A sure sign that your cat is about to start labor is when she heads to the nesting box and starts licking her genitalia because the vulva starts discharging a few hours before birth starts. Your cat’s water will break, which is often the main indicator of labor.
During this final stage when the water is breaking, your cat will most likely do a lot of licking, panting, howling, and pacing. But don’t worry! She’ll know when it’s time to settle down into the nesting box to give birth!
6. The Contractions Start
Your cat will begin having contractions a few hours before delivery that you probably won’t see because they’re subtle. But right before giving birth, you will see the main uterine contractions start when your cat starts pushing to help the first kitten through the pelvis. You may notice your cat straining at times, but once the kitten’s head is out, one or two more pushes should complete the birth of that kitten.
Helping During Delivery
Cat labor usually goes very smoothly. However, you should oversee the process of your cat giving birth, so you can step in to help if necessary. Limit the number of spectators so your cat doesn’t get upset.When the first kitten is born, check if the mother has broken the thin membrane around the kitten called the amniotic sac. She should do this right after birth by licking the kitty on the face so the baby can breathe. If she doesn’t do it, you can gently rub the newborn kitten’s face with your clean finger and open the sac.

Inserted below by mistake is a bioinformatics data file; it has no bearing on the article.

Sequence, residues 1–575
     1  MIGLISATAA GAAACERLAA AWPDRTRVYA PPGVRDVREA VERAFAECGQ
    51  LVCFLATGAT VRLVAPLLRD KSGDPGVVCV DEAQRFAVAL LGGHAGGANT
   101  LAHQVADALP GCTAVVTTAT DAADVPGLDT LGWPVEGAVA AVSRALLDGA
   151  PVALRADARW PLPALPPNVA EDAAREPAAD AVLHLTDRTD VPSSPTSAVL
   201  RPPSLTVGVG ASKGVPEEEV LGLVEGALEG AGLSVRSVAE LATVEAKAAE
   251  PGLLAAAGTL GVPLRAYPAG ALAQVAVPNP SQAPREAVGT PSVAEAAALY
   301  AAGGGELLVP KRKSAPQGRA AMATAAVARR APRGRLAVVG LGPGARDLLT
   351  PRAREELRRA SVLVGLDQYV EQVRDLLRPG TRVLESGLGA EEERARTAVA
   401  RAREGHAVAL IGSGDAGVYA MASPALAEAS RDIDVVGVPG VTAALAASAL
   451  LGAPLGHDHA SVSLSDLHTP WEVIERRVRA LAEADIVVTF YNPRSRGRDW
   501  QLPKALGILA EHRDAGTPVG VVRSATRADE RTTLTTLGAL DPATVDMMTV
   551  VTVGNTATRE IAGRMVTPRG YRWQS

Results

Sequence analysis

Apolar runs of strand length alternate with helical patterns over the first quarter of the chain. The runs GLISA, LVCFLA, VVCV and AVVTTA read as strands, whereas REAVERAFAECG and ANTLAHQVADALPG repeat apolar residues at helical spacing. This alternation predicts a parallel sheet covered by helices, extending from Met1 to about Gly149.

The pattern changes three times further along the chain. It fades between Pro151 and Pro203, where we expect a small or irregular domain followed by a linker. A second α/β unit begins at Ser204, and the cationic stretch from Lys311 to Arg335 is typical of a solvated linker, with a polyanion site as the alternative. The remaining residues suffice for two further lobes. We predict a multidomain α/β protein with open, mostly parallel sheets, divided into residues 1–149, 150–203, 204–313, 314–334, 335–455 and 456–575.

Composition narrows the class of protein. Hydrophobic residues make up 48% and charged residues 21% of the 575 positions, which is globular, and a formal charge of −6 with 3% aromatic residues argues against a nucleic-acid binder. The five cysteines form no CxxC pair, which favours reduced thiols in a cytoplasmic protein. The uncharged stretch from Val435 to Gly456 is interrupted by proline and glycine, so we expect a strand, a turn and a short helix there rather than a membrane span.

Your new mother cat will bite through the umbilical cord when she’s done giving birth. To play it safe, long before she gives birth, consult with your vet about how to safely and properly cut the umbilical cord in case your cat doesn’t do it. But don’t worry about that as most mother cats handle this task just fine on their own!
How to Tell When a Cat is Done Giving Birth
Your cat will be finished giving birth when she starts settling down and is less preoccupied with licking herself and giving birth. She will be more relaxed and focused on nursing and cleaning up her babies by licking them.
The entire birthing process should be over in a few short hours. In rare cases, it can take up to 24 hours so keep a watchful eye over the entire birthing process. If you notice your cat having trouble, like straining to give birth for longer than an hour, contact your vet right away.
You can expect your cat to have between four and six kittens, although she can have fewer or even more! Just don’t be too eager to intervene. Your cat may want you to be present for emotional support but keep your distance and only intervene if you must.
Potential Complications to Monitor For
While most cats deliver kittens without complications, there is always a risk for dystocia or difficult birth. You should seek immediate veterinary attention if you notice any of the following signs:
- The cat becomes weak, depressed, or febrile (rectal temperature consistently greater than 102.5 F).
- Overt blood loss from the vulva lasting more than ten minutes.
- More than 30 minutes of intense labor and straining with no progress or passage of the fetus.
It’s always exciting when you’re waiting for the arrival of a litter of newborn kittens! Now that you know how to tell when a cat is in labor, you’ll know what to look for and be ready for the exciting day!
Featured Image Credit: Azovsky, Shutterstock